Now in its second year, the Lilburn's Farmers' Market debuted this weekend in Old Town, and hundreds of residents ventured out in the scorching heat to check out its goods.
Fifty-three vendors, half of whom were new to Lilburn's market, set up their tents opening day at 4 p.m. in the market's new location of the Greenway Parking Lot. Between the dozens of food booths, the market had everything: juicy peaches, tasty popsicles, pastries and cakes, spicy tamales and dozens of spices, just to name a few.
"It was really good last year, and it's actually bigger this year," said returning vendor Anthony W. Webster Jr. of Capstone Foods, talking about the number of people this season. Webster, a Smyrna resident, opened shop at the market to sell he and his wife's salsa, Sol Del Rio, which contains New Mexico chiles and "gets that tomato taste" without being tomato-based. Webster says he plans to sell his salsa (and he also sells relish, too) every Friday the market is open.
Similar to Webster, owner Matt Fleming of Haydengrove Farm in Locust Grove returns for the second year and said that everything so far is good. He and his sister Rachael Satterfield had blackberries, yellow squash, zucchini and lettuce lining their inventory opening night, and even though there was a good turnout for Friday's event, they expect more people to come as summer progresses.
"Later in the season when more local produce come in season, more customers start coming up," said Fleming, who owns the company with his wife, Emily Fleming.
Pearson Farm's peaches snuck their way into this year's market with lines of people waiting to get their juice-seeping fruit, which sold 70 peaches per box for $35 and a bag of nine peaches for $5.
Pearson Farm, whose peaches are sold at multiple markets in the metro and surrounding areas, had the same seller as last year, Dave Read. Comparable to the first Lilburn market, Read believes this year will be better than last summer.
"It's starting out good this year," he said. "It's set up better. Last year, we didn't get to see everybody," which a lot of vendors commented similarly, too. Last summer's market was located on a long strip along Railroad Avenue north of Main Street, and even though it was a success, many vendors complained that the strip made it hard for people to see every vendor in the market.
"It's a complete circle," said market manager Mandy McManus of the market's new location, which allows vendor spots to be placed in the center of the parking lot and along the edges. "Before, customers had to go back and forth" on a single strip.
One of the new vendors this year is Blue Tailed Lizard Tamales, run by Jeff and Deb Mushro. Having been at other Atlanta farmers' markets and even having a slot at Georgia Tech games next year, the tamales company incorporates American-style food with the tamales, having Caribbean jerk chicken, chicken and cheese, Barbacoa beef and smoked pork green chile tamales on their menu list.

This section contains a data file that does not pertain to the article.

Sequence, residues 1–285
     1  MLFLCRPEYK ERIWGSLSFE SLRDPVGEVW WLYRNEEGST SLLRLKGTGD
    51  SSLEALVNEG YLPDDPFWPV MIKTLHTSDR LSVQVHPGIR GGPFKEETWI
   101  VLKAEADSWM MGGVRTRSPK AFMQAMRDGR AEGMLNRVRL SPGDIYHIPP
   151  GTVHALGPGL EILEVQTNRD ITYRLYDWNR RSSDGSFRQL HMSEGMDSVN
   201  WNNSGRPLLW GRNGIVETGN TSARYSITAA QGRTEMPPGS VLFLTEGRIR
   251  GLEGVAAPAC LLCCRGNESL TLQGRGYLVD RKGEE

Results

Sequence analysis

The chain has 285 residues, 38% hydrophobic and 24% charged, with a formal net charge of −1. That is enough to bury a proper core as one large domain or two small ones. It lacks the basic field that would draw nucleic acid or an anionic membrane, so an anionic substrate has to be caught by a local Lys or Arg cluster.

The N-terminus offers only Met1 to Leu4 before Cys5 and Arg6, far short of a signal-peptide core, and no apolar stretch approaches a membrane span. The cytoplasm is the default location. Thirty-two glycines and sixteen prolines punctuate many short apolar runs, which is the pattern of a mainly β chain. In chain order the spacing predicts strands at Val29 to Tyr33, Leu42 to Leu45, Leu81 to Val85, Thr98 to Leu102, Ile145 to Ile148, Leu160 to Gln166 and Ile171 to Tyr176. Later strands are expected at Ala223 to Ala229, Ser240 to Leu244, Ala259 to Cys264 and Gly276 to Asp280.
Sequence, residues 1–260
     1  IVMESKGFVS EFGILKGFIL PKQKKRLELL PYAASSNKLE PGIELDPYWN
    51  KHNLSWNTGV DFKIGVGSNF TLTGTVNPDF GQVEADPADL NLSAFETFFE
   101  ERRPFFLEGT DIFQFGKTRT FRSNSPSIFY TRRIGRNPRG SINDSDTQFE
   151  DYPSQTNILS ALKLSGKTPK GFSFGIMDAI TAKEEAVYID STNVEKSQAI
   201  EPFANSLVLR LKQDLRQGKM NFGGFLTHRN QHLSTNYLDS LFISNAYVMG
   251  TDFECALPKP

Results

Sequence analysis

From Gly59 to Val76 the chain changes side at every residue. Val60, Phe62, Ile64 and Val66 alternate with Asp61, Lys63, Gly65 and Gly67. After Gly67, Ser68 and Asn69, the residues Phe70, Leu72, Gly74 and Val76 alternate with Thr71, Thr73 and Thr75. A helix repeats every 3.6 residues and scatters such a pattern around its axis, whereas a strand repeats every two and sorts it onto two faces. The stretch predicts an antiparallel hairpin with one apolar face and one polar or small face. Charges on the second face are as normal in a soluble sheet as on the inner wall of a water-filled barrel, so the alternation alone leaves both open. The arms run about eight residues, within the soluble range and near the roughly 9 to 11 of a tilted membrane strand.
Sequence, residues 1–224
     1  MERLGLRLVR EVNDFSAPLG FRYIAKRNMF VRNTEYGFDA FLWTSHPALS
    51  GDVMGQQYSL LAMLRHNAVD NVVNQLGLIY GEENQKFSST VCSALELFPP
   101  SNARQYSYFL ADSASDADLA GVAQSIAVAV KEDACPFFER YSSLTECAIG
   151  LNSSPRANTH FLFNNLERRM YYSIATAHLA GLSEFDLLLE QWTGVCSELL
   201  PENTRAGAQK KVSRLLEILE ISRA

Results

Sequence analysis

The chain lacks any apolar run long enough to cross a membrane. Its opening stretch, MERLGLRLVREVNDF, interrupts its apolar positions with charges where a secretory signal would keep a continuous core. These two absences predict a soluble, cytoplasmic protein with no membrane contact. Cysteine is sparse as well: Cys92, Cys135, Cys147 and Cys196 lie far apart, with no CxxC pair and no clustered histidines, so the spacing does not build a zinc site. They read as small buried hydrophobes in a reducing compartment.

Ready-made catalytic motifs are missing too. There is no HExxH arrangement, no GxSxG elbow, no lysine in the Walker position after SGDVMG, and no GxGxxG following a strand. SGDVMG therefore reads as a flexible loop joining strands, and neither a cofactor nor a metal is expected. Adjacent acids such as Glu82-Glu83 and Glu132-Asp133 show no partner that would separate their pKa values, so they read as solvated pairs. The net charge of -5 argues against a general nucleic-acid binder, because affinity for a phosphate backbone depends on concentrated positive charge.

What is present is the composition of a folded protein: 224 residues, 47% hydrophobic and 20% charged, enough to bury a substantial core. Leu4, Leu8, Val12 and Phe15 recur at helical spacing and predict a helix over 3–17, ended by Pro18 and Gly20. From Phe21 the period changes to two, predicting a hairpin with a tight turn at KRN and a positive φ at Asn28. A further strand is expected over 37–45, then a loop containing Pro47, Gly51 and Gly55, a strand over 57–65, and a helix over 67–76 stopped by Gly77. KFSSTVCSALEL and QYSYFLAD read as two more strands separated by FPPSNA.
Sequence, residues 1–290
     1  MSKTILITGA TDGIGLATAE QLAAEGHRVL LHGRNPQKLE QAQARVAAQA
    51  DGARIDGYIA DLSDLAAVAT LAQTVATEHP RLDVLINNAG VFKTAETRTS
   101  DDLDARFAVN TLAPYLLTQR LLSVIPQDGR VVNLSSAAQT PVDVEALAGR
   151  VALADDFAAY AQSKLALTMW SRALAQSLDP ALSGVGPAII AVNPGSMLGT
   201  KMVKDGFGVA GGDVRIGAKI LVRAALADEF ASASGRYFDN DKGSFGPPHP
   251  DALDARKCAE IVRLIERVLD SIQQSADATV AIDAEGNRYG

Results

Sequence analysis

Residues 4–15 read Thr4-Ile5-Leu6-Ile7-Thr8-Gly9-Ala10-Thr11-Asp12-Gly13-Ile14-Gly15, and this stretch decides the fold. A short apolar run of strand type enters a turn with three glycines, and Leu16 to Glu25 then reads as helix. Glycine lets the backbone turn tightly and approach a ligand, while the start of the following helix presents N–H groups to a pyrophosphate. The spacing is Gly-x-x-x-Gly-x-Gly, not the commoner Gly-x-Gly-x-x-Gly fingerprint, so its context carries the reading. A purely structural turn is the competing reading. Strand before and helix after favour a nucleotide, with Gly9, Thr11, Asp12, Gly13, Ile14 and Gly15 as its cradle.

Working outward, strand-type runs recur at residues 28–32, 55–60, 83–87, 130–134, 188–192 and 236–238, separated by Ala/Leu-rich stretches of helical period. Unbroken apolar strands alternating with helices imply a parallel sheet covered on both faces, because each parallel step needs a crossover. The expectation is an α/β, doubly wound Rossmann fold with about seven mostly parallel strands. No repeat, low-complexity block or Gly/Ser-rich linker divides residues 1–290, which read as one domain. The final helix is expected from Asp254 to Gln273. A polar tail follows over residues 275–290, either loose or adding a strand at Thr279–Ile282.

Three spots down rested the King of Pops (also new to the market), an ice cream cart company started by two Snellville kids that has exploded with popularity in the ITP area. Now with almost a dozen carts on the streets, the company is trying to expand back to their nearby communities. King of Pops is known for its extraordinary pop flavors, including chocolate sea salt and grapefruit mint, and the company plans to stay at the Lilburn market for the rest of the season.
Not everyone was there simply to market their product, though. Pure 127 Soap Co.'s Bonnie Pruitt, an R.D. Head Elementary School teacher who sells scented soaps, returns this year to raise money so that she and her husband, Richard "Rip" Pruitt, can adopt a girl from Ethiopia. Last year the couple was able to adopt Jude, an Ethiopian orphan boy who is now 2-and-a-half years old.
"This is just a side hobby," said Bonnie Pruitt of her business. She started making soaps in 2002 but starting raising the adoption funds in 2008, selling her products at art auctions and then finally setting up shop last August at the Lilburn market. As the only person that makes the soaps, her scents include grapefruit and an intense peppermint that is sure to wake anyone in the morning.
Other returning vendors include Heavenly Pastries, run by Tanya M. Jackson who is the sole pastry and cake maker and delivers each order; Saucy Spirits, a wine jelly company run by Tiffany Wong and her 11-year-old son, Ryan O'Neill, who started making the jams as an alternative to mowing lawns last summer; and The Good Stuff, run by Lilburn residents Michael and Crystal Knox, who decided to start marketing their granola mixes after Michael Knox experimented with healthy foods to accommodate his Iron Man training.
As for the customers, many were able to get lots of samples and leave with bags filled with items. Jackie Thornberry, a Lilburn Woman's Club member and the Tallulah Falls school chair, purchased peaches, blackberries, cantaloupe, kale, onions, broccoli--and one beet.
"I've never cooked a beet before, so I thought I'd try it!" said Thornberry with a laugh.
There is plenty of produce and other vendors at the market every Friday from 4 p.m. to 8 p.m. For a complete list of vendors and for more information of the market, check out the Lilburn Farmer's Market website.